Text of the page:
She was glowing with happiness and success by the time we finished. 

She says she misses her daily violin lessons with M12.  I hope to convince M12 to give her one or two lessons this week ahead.

H5 spent the week losing teeth.

Barely 5, and already missing her two front teeth.  (Yes, we've been singing the song around here every day!)
The first one came out when she was accidentally elbowed in the face at our church Christmas social Saturday night.  It was already loose, but not really loose enough to come out.  That elbow knocked it badly askew, and it bled copiously.  Dad pulled it out, but not without great pain and rather a lot of emotional trauma for our H5. Oddly enough that first tooth led the way for 2 more to suddenly become loose, and they came out only 3 days later--within 2 hours of each other!

The tooth fairy has been hopping at our house!

Now 3 teeth are gone!  She stuck all of her tooth fairy quarters on a piece of tape and then wore them for the day.
Each day H5 and I sit together for a few minutes to make another pom-pom bookmark for her contribution to the Santa Game.  I'm irritated because ours aren't quite as fluffy and perfect as the ones in the picture (is it the yarn we're using?--ours is 100% cotton), but H5 loves them and is proud of the ones we are making, so I'm practicing the art of contentment.  They're sure pretty colors, and they will definitely be used around here!!

I found a comprehensive preschool workbook for I3 one day when I was out.  I snuck it onto the school shelf, and it took the kids less than 3 minutes to notice it was there.  I3 pulls that book out every single day and asks for help to do some school. 

Here he is doing school with Dad while I made dinner.  Dad deserves a prize for practicing patience as he worked with I3. (Dad's always been glad that Mom runs school each day.)
In addition, I3 is helping me Modge-Podge some pretty paper to some plain clipboards so that each kid gets a custom clipboard for the Santa Game.  We learned the hard way to be sparing with the first layer of glue.  I'm glad paper was on sale for $.25 each this week, so our mistakes were inexpensive to fix.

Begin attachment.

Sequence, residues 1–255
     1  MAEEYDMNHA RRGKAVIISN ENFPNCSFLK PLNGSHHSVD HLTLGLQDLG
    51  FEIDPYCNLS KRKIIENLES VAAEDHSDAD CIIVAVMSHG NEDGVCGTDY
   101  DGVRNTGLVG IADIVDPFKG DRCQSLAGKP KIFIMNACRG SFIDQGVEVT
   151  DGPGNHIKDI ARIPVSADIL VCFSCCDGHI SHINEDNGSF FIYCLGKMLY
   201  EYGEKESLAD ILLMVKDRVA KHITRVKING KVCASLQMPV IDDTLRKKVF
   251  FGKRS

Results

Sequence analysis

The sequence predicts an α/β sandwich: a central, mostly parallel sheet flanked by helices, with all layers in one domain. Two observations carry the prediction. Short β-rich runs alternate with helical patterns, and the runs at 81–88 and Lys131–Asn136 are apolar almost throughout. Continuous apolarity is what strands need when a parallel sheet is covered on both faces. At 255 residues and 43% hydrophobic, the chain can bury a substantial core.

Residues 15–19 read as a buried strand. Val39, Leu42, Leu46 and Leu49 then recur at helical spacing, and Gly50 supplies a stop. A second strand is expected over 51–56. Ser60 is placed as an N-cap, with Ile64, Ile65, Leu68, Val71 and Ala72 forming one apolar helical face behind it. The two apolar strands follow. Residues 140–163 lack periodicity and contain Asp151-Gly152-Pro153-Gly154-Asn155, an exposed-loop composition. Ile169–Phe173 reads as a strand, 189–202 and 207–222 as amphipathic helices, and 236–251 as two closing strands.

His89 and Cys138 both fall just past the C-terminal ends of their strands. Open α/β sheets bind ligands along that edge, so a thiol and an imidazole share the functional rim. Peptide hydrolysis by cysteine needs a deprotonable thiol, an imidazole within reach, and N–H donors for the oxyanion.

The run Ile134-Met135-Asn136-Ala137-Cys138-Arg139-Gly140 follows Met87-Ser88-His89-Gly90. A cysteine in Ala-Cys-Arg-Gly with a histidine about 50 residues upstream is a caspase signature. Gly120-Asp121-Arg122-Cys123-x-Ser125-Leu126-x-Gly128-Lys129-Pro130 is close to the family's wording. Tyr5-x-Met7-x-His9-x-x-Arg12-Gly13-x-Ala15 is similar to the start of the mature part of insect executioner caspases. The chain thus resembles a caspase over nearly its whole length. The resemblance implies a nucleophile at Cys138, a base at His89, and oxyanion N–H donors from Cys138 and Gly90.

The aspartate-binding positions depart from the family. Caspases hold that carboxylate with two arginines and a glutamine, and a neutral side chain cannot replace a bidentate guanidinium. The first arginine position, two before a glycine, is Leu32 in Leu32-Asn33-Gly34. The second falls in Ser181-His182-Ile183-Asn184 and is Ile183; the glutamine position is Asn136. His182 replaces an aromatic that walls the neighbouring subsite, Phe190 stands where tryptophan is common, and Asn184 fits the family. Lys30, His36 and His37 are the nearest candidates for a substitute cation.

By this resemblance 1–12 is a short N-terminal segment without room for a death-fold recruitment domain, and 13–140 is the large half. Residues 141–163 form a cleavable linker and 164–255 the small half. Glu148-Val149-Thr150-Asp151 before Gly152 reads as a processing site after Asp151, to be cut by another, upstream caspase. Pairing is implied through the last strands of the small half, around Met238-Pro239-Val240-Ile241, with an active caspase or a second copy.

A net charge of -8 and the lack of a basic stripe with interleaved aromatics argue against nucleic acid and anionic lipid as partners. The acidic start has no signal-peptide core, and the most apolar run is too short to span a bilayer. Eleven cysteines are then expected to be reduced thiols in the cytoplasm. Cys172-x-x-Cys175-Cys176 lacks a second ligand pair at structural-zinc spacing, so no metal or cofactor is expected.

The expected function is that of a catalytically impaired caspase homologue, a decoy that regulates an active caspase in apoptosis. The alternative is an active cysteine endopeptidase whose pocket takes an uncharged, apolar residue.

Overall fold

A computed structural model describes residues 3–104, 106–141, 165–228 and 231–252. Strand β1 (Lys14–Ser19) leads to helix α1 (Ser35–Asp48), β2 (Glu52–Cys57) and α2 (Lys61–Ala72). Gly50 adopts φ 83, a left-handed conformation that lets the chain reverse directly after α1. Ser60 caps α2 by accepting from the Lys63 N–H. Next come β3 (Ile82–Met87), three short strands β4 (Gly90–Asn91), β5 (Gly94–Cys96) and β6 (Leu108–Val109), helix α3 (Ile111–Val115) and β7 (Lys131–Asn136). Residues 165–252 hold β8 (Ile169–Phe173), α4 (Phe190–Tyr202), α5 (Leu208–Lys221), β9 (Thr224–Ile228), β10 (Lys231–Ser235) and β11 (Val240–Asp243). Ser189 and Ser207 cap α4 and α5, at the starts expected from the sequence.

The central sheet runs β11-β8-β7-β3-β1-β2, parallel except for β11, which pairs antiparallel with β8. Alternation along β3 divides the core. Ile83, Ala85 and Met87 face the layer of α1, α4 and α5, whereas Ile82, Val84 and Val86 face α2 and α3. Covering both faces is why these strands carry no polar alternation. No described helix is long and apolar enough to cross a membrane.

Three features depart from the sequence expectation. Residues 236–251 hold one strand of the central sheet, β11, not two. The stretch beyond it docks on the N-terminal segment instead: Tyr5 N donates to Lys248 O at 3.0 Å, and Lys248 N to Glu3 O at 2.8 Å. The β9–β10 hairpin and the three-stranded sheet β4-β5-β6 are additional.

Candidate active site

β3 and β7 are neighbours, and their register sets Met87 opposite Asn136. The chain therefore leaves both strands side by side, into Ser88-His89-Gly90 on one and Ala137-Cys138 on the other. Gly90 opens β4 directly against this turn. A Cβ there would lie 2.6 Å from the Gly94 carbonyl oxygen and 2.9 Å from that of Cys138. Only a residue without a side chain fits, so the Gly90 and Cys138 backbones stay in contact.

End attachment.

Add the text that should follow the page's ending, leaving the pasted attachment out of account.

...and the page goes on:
Daily events:
Sunday we missed most of church because H5 woke up with pink eye.  I gave her super doses of probiotics, and it healed up nicely in only 3 days.

We also found out that a friend of ours in our church congregation was brutally beaten by a drunk man.  She'd left her apartment to get the mail, and the man attacked.  As soon as he began punching her, she dropped to the ground to protect her 7 month's pregnant belly and screamed for her husband, who couldn't hear her because he was in the apartment getting their two little daughters ready for bed.  The attacker kicked her repeatedly while she was down, not caring that she yelled, "I'm pregnant!  Please stop!" over and over.

I spent much of my Sunday afternoon assisting our Relief Society president in organizing meals, child care, and other support for this woman.

She'll heal.  She's terribly hurt.  But she will heal.

The baby is fine.

All I could do was cry with her on the phone (she wasn't ready for visitors).  I did most of the organizing with her sister and husband.  The members of our congregation rose to the challenge.  This family's needs have been and continue to be generously met.

Monday morning I took a couple of kids grocery shopping with me.  Their eyes just about fell out of their heads when they saw all of the supplies I bought for making Christmas Jars as gifts for friends and neighbors.

Later that afternoon was my OB visit.  My blood pressure was lower, less protein in my urine, and I still feel fine (for being 8 months pregnant).  Looks like all is well.  I did some Christmas shopping while I was out.  The kids watched holiday movies while I was gone.

Tuesday was the day we made ornaments for our upcoming Explorer's Club ornament exchange.

I also had a Relief Society luncheon to attend, so I got some more Christmas shopping done while I was out.

Wednesday was our final Explorer's Club meeting for the semester.  The older kids did Christmas-y Chemistry experiments while the little ones explored the properties of solids, liquids, and gases.  We had our ornament exchange, shared some treats, and had a generally happy time with our friends.